Assigning LAPD officers to work security at Rams games an illegal ‘gift’ from city, lawsuit claims

Rams fans cheer as the team takes the Coliseum field for its scrimmage on Aug. 6. (Gina Ferazzi / Los Angeles Times)
Rams fans cheer as the team takes the Coliseum field for its scrimmage on Aug. 6.
(Gina Ferazzi / Los Angeles Times)

Former Los Angeles City Councilman Dennis Zine filed a lawsuit Wednesday against the city of Los Angeles and Los Angeles Police Chief Charlie Beck, alleging an illegal “gift of public funds” for providing police security at Rams home games.

The eight-page suit said the city was not reimbursed for using more than 200 police officers at the Rams’ two preseason games at the Los Angeles Memorial Coliseum. It said on-duty officers are working security outside the stadium instead of tending to their normal duties.

“I think it’s inappropriate to give a gift to a billion-dollar corporation when they can pay the tab for security,” Zine said.

Zine said the Rams should follow the lead of the Los Angeles Dodgers and foot the bill for security outside the stadium.


“When you’re paying $90 to $350 [per ticket], you expect to have security to provide protection for you,” Zine said.

He estimates it will cost $2 million to fund outside security for the upcoming NFL regular season.

The allegations come less than three weeks before the Rams open up the regular season in a Sept. 18 match-up with the Seattle Seahawks, its first regular season home game in Los Angeles in decades.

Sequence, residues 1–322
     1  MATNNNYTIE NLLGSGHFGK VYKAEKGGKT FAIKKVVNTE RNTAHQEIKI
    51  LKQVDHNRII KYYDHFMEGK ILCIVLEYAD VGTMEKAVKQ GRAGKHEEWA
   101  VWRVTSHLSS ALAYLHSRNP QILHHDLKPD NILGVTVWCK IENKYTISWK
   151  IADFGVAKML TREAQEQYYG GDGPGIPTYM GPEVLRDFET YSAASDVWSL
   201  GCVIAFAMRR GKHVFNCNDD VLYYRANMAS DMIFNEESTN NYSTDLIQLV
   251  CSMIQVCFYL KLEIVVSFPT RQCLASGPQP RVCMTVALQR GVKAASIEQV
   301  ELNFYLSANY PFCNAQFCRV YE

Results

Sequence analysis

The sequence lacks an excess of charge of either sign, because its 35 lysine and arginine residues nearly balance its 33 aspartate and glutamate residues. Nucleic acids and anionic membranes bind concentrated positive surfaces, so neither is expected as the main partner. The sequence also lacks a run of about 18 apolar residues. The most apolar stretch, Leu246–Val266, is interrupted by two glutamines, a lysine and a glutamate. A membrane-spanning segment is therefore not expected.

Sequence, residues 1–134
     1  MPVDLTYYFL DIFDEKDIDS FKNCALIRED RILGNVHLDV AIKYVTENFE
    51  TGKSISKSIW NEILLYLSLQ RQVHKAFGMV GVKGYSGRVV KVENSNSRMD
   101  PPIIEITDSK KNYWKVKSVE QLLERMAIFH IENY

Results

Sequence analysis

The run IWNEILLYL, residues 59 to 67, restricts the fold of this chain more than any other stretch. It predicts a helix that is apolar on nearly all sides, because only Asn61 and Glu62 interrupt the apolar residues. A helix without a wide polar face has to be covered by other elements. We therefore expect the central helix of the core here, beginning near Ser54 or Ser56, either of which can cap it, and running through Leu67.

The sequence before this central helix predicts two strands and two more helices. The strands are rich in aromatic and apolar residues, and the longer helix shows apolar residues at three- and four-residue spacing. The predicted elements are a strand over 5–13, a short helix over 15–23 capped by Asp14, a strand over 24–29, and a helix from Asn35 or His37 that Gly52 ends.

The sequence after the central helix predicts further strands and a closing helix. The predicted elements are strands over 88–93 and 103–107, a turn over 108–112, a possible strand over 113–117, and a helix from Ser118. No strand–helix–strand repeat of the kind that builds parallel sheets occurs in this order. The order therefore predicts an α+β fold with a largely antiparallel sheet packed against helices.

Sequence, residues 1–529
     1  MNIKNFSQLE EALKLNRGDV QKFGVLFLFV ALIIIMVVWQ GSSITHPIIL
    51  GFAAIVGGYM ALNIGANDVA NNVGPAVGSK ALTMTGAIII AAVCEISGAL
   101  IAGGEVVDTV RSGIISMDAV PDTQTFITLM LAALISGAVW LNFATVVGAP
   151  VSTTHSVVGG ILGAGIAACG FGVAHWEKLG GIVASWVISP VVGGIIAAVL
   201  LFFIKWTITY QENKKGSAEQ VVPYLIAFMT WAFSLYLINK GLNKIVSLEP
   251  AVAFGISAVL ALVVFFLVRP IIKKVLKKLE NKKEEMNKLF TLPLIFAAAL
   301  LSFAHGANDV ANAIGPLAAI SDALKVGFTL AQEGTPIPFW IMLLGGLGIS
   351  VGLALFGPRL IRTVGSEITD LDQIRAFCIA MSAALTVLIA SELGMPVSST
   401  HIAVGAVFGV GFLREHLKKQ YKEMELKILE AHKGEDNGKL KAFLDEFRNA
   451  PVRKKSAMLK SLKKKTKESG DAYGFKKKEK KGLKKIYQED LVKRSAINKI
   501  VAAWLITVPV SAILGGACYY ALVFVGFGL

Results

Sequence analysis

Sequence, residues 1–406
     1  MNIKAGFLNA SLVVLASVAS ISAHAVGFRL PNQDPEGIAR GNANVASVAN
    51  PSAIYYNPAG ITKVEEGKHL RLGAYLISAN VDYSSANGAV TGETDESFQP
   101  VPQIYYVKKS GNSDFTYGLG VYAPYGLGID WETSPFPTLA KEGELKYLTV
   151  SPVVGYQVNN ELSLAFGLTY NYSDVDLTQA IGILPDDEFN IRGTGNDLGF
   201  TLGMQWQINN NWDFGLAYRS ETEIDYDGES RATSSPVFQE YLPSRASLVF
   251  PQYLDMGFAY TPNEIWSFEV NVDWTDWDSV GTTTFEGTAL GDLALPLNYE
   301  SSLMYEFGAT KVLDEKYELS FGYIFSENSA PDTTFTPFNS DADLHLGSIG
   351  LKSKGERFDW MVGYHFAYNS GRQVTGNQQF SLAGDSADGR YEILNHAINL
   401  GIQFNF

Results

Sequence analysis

Zine and co-plaintiff James Bibeau of Los Angeles called for a judge to determine whether the use of on-duty police for public safety at Rams games is consistent with an “unlawful gift of public funds.”


Zine and Bibeau announced the lawsuit during a news conference at the office of the Los Angeles Police Protective League.

The two are also seeking a court order to block the city and Beck from allegedly spending tax dollars on security for the Rams until the city is reimbursed. 

A Rams representative declined to comment on the suit. The LAPD and city attorney’s offices also declined comment.

The Rams said in a statement earlier this month that they were working with the LAPD to reach an agreement on security arrangements. The team added that it was planning meetings with the LAPD and USC, which operates Memorial Coliseum.

The City Council approved a memo on Aug. 12 asking the LAPD to determine what effect Rams games will have on officer deployment in the city. The motion also calls on the LAPD to determine the costs of supplying officers for game security and if their use might affect emergency response times.

On the same day, four councilmembers — including Council President Herb Wesson — sent a note asking Rams owner Stan Kroenke to pay for use of LAPD, Los Angeles Fire Department and other city personnel for public safety duties at Rams games.

Follow me on Twitter @journoshane.



2:30 p.m.: This article was updated with additional details about the lawsuit and comments from former Los Angeles City Councilman Dennis Zine.

This article was originally published at 11:05 a.m.

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